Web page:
Prospects to make an Impact - Nick Senzel was going to get some more defensive experience in center. Now another injury may delay his call to the majors. The bat has the power to hit 30 plus homeruns. His original position of third base is occupied by Suarez. Jose Siri is a multi tooled outfielder who has the potential to hit 20 plus homers while stealing 20 plus bases.

Predicted Finish - Still a little too young to make the playoffs but they will make a run for it.

5. Pittsburgh Pirates

Strengths - They have two catchers in Francisco Cervelli and Elais Diaz who could start for many of the other 29 teams. The outfield of Starling Marte, Gregory Polanco and Corey Dickerson is one of the most talented in baseball, especially if you take into account the number of runs they erase because of their defense. They have one of the top closers in Felipe Vazquez.

Weakness - The middle infielders are two unproven players in Erik Gonzalez and Adam Frazier. Both may be better suited for utility roles. Adding to the offensive squalor along the infield there is uncertainty whether Jung Ho Kang can provide consistent offense at third. He hit a number of homeruns in spring training, but they were also most of his hits. Josh Bell is below average for a first baseman in pop. Back end of their rotation will be feasted upon by some of the more powerful offenses.

Prospects to Make an Impact - Mitch Keller is one of the top pitching prospects in baseball. Last year he struggled in 10 starts at AAA but he should make his major league debut by mid-season. There are no sure things at the middle infield positions which could open up opportunities for Kevin Kramer, Cole Tucker and Kevin Newman. None of the trio will put up better than average numbers.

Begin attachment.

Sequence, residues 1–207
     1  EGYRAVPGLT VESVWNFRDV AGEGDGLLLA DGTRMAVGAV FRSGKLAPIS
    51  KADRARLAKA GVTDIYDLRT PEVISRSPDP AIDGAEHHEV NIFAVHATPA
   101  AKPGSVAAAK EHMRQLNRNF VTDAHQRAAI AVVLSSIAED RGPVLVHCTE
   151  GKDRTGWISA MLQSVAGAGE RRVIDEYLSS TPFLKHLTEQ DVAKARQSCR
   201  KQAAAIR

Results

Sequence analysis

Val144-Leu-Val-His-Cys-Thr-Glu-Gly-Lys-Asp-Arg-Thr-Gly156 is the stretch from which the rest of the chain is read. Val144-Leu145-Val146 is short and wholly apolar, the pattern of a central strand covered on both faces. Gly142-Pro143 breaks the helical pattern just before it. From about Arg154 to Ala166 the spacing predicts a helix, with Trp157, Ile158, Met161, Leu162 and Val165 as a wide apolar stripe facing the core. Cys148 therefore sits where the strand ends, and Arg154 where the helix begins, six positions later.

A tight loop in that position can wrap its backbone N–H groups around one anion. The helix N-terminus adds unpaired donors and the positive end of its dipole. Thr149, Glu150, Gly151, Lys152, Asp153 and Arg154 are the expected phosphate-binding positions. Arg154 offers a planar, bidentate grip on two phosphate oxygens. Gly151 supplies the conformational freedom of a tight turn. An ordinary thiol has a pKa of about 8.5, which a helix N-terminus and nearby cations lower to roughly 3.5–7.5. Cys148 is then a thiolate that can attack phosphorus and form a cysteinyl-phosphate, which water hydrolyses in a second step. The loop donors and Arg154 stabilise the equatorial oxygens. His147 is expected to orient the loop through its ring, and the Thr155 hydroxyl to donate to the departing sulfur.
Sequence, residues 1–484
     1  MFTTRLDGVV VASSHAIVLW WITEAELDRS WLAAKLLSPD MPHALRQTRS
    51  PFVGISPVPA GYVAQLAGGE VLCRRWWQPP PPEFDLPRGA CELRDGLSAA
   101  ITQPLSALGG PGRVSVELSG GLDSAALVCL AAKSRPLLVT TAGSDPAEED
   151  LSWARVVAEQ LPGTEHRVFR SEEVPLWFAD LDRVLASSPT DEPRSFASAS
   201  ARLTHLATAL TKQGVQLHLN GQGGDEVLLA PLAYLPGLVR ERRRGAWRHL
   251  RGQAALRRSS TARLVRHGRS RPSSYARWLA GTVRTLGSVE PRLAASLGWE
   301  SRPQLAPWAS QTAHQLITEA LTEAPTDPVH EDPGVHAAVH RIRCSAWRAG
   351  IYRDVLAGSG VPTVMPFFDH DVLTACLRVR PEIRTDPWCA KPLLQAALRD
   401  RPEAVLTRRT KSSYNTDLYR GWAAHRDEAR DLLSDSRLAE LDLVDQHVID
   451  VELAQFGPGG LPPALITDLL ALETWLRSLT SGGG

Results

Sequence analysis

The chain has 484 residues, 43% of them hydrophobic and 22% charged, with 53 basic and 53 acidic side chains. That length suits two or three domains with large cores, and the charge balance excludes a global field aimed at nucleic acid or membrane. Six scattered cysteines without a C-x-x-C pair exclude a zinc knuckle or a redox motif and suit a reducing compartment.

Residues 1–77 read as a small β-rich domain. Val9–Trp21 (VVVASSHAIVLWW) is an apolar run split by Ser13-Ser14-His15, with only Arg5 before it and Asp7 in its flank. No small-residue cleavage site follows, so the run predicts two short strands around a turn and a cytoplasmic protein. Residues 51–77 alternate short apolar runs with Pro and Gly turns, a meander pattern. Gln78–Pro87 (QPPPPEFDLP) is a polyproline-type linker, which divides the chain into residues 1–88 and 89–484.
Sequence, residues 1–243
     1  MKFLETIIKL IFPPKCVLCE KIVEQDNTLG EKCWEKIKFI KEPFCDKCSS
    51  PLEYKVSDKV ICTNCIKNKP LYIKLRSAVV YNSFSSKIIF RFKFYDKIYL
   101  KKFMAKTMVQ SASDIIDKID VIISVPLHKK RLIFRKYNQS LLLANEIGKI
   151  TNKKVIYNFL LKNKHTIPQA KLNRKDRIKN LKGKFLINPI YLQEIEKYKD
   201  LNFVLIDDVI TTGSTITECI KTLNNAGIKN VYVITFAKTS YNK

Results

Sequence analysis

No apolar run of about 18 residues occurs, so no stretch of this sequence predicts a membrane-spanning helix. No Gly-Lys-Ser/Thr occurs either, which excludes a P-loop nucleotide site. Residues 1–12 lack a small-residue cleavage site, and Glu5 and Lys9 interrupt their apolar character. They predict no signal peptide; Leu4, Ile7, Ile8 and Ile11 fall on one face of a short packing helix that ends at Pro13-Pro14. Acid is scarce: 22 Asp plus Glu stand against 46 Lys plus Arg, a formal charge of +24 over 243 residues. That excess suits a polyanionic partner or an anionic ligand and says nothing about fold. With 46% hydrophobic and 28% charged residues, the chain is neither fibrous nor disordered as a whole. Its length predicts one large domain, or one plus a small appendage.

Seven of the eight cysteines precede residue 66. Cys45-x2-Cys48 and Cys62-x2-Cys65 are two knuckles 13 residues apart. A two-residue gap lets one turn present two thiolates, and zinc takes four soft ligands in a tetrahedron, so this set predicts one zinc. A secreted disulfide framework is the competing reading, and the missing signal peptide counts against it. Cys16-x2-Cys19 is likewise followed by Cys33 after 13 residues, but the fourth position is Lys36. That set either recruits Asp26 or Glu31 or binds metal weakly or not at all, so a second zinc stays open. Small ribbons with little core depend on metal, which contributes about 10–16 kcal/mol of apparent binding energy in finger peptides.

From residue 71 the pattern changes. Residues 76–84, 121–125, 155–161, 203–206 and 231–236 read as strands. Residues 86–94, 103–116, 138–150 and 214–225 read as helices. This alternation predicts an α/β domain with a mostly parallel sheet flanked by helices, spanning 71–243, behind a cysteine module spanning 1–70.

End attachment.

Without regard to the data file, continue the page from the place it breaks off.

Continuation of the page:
Predicted Finish - They may not say they are rebuilding or tanking but they are.

Brewers Hope to Churn up New Brew of Prospects

Wednesday, January 2nd, 2019

The Brewers have historically failed at developing a good farm system. Since myworld has been rating farm systems beginning in 2008 the Brewers have been in the top ten just once, that was in 2017. From 2011 to 2015 they appeared in the bottom five four of the five years. They traded many of the top prospects from that 2017 list (Lewis Brinson, Luis Ortiz and Isan Diaz) and one player graduated to the Brewers major league roster (Josh Hader), but they made the playoffs. That is all that counts. Last year the Brewers had six players rated in Top 100 lists (Brett Phillips, Luis Ortiz, Corey Ray, Brandon Woodruff, Corbin Burnes and Keston Hiura). Qualifying for the playoffs make it that much more difficult to draft elite players since you are picking later in the draft. Being a small market team, the Brewers have to compete taking advantage of younger, cheaper players.